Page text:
We thank the Wolfson Foundation (RN & DC), the Philip M. Klutznick Research Fund (RN & DC), the Israel Science Foundation, Jerusalem (DC & RN), and the Minerva Foundation, Munich (DC) for partial support. The data shown in Figure 4 were obtained with L. Chai ([38b]) and those shown in Figure 5 with Y. Rudich, I. Benjamin, E. Thomas, S. Trakhtenberg, and R. Ussyshkin (see ref. ). We thank L. Kronik and I. Lubomirski (WIS) for useful discussions.
The Cooperative Molecular Field Effect†
Article first published online: 13 SEP 2005
Copyright © 2005 WILEY-VCH Verlag GmbH & Co. KGaA, Weinheim
Advanced Functional Materials
Volume 15, Issue 10, pages 1571–1578, October, 2005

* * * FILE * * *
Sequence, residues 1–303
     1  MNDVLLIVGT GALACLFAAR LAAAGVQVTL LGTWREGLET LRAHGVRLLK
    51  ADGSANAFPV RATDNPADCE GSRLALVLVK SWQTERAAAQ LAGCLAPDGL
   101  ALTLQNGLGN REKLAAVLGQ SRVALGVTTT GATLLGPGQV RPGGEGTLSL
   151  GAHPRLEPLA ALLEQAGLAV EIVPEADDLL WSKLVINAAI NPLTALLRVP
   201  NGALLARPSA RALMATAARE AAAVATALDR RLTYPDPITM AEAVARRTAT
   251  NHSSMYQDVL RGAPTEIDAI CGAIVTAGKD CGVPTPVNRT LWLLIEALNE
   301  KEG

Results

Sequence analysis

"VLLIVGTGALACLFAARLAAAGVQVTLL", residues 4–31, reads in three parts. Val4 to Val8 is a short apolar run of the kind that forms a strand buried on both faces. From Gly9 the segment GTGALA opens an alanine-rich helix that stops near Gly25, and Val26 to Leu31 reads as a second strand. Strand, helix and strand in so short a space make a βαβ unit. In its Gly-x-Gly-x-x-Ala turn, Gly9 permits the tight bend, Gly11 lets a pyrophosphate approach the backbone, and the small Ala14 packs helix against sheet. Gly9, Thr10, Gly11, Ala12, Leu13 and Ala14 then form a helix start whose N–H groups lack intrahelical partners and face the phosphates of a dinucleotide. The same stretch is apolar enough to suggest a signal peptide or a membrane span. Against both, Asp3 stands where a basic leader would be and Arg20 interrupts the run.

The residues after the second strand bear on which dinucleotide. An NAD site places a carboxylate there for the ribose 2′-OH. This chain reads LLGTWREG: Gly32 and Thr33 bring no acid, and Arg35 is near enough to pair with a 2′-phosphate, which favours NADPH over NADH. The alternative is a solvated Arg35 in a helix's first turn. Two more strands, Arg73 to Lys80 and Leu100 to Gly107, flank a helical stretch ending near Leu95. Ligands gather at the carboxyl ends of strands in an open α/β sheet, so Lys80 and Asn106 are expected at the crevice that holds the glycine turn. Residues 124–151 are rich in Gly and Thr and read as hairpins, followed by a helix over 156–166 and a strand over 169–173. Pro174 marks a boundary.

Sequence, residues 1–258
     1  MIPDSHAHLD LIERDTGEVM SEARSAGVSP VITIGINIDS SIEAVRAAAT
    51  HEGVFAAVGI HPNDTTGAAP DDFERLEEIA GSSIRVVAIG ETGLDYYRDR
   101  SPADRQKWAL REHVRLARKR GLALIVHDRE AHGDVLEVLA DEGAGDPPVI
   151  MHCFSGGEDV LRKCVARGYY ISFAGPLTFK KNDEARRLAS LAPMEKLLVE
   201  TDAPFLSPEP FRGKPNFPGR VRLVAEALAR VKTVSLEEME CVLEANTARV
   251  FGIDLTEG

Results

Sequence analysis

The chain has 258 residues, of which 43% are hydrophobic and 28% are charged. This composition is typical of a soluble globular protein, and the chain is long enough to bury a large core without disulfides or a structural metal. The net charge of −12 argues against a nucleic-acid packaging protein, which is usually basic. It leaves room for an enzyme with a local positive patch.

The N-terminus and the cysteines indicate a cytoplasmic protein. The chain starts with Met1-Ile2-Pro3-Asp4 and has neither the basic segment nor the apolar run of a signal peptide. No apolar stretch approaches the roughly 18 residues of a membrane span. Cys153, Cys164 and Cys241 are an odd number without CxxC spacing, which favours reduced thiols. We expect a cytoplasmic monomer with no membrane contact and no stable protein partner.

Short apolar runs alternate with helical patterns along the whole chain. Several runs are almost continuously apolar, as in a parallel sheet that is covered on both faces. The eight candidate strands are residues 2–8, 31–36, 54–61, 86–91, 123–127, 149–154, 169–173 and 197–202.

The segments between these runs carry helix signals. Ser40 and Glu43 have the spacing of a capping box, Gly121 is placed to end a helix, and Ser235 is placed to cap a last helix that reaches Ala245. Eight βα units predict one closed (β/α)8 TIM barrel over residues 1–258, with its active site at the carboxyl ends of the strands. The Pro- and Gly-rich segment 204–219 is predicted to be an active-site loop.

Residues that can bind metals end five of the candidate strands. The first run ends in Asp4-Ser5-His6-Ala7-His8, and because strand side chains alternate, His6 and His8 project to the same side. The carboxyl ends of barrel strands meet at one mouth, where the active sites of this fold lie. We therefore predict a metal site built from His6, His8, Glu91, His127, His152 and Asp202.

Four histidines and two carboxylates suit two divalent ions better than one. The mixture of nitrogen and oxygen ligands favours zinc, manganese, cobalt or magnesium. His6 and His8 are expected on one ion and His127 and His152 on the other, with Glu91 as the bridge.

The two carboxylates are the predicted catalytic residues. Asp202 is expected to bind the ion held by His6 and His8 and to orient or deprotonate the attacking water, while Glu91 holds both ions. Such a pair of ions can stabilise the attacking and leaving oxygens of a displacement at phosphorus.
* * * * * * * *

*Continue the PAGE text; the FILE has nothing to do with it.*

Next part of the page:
How to Cite
Cahen, D., Naaman, R. and Vager, Z. (2005), The Cooperative Molecular Field Effect. Adv. Funct. Mater., 15: 1571–1578. doi: 10.1002/adfm.200500187
- Issue published online: 28 SEP 2005
- Article first published online: 13 SEP 2005
- Manuscript Accepted: 18 JUN 2005
- Manuscript Received: 27 FEB 2005
- Molecular electronics;
- Self-assembled monolayers;
- Supramolecular chemistry
Two-dimensional arrangements of molecules can show remarkable cooperative electronic effects. Such effects can serve to achieve direct electronic sensing of chemical and physical processes via electrostatic effects, i.e., without transfer of charge or matter between the locus of sensing and that of detection.